Actor Daniel York, currently starring in ‘The World of Extreme Happiness’ at the NT Shed, has been a vociferous champion of British East Asian actors during recent casting furores. Now he’s picked up the cause with his debut play, a schlocky Sherlocky spoof in which every character is a broad, borderline offensive national stereotype.
Such a great idea, so badly bungled. York’s satire scores a direct hit, but it does so with the leaden set-pieces and gags so signposted they’d be visible from the Great Wall of China. You end up nodding and cringing at the same time. If only York had outsourced the concept to a slapstick superstar like Sean Foley or Cal McCrystal.
Nonetheless, York dump tackles the lazy deployment of nationality on stage (and screen). Upstanding Englishmen with plummy RP take the peachiest roles – here, detective Nayland Smith (Paul Chan) and his sidekick Dr Petri (Andrew Koji). Scots, Irish and ‘those yellow-faced, slanty-eyed orientals’ wind up in bit parts: maids and drunks for the former; the latter: ninjas, seductresses and evil, moustachioed geniuses intent on world domination like Fu Manchu (Chipo Chung) himself.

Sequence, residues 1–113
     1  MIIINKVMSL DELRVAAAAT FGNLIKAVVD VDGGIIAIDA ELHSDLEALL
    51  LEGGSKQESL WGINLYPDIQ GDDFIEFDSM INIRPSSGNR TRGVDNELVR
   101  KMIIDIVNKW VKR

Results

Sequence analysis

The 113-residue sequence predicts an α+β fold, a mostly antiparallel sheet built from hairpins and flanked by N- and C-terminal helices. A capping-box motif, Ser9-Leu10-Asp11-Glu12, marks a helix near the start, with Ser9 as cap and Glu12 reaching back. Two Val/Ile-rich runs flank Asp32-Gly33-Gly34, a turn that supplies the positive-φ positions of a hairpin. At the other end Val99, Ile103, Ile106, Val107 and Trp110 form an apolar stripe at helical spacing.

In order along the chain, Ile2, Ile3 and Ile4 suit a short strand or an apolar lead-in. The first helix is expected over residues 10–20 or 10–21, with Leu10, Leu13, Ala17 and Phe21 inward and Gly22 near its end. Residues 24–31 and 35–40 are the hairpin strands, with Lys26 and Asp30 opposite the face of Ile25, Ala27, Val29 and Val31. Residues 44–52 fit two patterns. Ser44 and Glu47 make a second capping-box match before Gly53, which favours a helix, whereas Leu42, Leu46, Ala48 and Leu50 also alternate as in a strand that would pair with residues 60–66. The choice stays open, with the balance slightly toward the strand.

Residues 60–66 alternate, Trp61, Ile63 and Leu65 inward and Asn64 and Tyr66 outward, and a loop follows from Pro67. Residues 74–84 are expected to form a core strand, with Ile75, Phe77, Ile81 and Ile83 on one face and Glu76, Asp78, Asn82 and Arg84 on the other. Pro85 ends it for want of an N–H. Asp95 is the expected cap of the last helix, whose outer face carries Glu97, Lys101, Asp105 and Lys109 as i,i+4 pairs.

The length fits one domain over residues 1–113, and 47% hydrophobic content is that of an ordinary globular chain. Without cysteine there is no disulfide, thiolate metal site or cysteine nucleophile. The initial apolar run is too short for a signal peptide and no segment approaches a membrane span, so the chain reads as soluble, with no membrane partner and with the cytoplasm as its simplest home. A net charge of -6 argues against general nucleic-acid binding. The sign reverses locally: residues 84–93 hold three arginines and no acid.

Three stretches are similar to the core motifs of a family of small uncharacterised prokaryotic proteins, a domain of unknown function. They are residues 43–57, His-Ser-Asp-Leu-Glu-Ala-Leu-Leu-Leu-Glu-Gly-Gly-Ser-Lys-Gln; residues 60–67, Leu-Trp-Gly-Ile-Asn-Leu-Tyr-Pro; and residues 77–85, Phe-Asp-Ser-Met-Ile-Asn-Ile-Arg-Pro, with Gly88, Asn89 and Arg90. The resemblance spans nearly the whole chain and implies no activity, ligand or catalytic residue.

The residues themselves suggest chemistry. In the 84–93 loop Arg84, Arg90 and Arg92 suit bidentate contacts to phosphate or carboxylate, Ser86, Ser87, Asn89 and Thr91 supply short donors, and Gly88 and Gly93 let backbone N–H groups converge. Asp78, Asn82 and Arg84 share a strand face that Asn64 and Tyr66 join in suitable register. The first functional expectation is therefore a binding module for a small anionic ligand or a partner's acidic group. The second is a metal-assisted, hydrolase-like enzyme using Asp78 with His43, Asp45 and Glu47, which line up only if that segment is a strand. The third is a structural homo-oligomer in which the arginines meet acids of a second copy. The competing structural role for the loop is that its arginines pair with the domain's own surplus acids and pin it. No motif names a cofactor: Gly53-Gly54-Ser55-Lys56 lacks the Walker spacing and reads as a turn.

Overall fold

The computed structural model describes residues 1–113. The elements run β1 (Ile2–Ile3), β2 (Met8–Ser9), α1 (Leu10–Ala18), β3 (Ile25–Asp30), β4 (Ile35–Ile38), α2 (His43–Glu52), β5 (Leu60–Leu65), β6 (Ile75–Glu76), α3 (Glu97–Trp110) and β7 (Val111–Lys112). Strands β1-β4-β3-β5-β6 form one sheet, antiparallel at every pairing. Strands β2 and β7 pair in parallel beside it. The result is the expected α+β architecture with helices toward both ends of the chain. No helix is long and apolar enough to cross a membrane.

Justin Audibert’s production practises its preaching, with an all-British-East-Asian cast using half-masks to hop between nationalities – but it does score the significant own-goal of having almost uniformly ropey performances, Chung being the honorable exception. Audibert does the best with what he’s got, largely thanks to a classy, monochrome Lily Arnold design that nods to music hall and silent cinema.
By Matt Trueman